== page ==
At the end of A PRINCESS OF MARS, the first volume in Burroughs’s Mars series, John Carter managed to get the factory that produces oxygen for Barsoom working again – and collapsed. When he came to, he found himself back on earth, and separated from his beloved Dejah Thoris, the Princess of Helium. It’s a decade later when Carter returns to Barsoom, and he finds himself in that part of the planet that the natives consider to be “heaven” – which is no heaven at all. Carter has to reunite with his friend the fierce green warrior Tars Tarkas, fight with plant men and the great white apes of Barsoom, violate some significant religious taboos, survive the affections of an evil goddess, foment a slave revolt, fight in an arena, and still save Dejah Thoris in the middle of a giant air battle between the red, green, black and white people of Barsoom. High adventure, Martian style.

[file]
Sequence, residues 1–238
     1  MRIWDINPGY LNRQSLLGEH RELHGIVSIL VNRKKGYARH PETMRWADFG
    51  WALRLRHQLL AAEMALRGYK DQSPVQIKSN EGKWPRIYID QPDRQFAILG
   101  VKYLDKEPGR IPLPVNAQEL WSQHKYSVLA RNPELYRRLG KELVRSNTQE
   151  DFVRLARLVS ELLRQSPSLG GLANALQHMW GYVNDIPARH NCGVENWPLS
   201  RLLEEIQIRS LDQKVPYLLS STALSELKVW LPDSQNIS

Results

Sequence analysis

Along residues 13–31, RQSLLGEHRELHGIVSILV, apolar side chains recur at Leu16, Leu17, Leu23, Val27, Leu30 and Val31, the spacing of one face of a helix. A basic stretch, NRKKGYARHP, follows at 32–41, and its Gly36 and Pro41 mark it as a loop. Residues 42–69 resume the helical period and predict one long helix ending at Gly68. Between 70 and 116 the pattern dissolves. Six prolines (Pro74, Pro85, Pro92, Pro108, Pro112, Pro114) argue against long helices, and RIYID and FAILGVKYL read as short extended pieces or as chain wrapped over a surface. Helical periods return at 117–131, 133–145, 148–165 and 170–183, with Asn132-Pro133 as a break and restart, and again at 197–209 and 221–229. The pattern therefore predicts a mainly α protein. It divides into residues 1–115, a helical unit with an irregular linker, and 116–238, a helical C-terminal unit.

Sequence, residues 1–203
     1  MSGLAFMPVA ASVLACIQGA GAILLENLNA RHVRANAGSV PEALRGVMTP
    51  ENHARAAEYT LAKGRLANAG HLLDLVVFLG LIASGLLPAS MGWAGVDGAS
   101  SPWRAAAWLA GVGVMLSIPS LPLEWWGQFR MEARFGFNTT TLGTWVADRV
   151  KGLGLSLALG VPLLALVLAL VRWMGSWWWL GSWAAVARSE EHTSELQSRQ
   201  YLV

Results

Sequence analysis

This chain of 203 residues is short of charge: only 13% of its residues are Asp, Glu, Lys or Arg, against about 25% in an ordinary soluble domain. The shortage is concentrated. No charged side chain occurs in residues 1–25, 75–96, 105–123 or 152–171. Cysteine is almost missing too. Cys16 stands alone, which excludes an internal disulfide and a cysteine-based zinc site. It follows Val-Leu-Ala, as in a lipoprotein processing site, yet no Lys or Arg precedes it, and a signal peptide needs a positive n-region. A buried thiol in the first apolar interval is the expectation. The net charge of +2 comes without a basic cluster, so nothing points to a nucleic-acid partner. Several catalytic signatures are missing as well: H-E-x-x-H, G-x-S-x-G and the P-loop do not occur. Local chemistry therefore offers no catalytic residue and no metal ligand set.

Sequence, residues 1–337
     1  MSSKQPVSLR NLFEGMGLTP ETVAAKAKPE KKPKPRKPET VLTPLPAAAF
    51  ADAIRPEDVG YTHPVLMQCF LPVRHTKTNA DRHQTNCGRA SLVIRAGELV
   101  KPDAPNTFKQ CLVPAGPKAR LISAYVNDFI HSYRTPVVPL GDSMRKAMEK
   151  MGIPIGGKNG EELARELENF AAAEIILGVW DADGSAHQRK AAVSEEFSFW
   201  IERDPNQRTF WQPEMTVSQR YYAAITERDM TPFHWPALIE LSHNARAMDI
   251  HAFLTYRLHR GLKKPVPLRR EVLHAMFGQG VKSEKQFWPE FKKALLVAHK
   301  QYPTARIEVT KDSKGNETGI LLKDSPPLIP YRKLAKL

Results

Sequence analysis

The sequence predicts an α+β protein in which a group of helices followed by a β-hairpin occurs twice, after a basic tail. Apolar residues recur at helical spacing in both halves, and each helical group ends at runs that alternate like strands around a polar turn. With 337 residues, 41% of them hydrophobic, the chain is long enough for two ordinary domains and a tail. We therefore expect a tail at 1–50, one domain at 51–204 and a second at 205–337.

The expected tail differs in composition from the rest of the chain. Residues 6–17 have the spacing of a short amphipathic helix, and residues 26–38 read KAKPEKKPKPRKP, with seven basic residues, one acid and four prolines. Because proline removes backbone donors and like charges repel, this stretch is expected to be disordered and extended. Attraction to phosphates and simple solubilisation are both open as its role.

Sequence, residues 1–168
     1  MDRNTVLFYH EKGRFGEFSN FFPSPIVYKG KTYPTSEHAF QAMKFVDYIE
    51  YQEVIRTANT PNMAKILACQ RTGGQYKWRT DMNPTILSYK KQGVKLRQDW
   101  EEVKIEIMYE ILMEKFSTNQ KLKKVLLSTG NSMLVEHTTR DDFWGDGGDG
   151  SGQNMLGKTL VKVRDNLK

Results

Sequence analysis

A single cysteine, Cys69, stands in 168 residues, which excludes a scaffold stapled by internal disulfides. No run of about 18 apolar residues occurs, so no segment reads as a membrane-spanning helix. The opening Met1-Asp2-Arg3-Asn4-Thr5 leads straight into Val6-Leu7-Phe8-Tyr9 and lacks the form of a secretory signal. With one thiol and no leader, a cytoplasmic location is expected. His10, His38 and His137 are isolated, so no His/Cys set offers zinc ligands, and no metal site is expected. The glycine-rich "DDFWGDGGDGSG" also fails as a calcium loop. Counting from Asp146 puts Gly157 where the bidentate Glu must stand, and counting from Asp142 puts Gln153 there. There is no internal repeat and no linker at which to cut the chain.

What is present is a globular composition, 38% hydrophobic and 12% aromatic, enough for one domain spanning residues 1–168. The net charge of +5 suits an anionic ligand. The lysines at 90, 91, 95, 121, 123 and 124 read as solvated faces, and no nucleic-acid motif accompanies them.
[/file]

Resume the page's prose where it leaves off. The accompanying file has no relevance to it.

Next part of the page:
As I stood upon the bluff before my cottage on that clear cold night in the early part of March, 1886, the noble Hudson flowing like the grey and silent spectre of a dead river below me, I felt again the strange, compelling influence of the mighty god of war, my beloved Mars, which for ten long and lonesome years I had implored with outstretched arms to carry me back to my lost love.
Not since that other March night in 1866, when I had stood without that Arizona cave in which my still and lifeless body lay wrapped in the similitude of earthly death had I felt the irresistible attraction of the god of my profession.
With arms outstretched toward the red eye of the great star I stood praying for a return of that strange power which twice had drawn me through the immensity of space, praying as I had prayed on a thousand nights before during the long ten years that I had waited and hoped.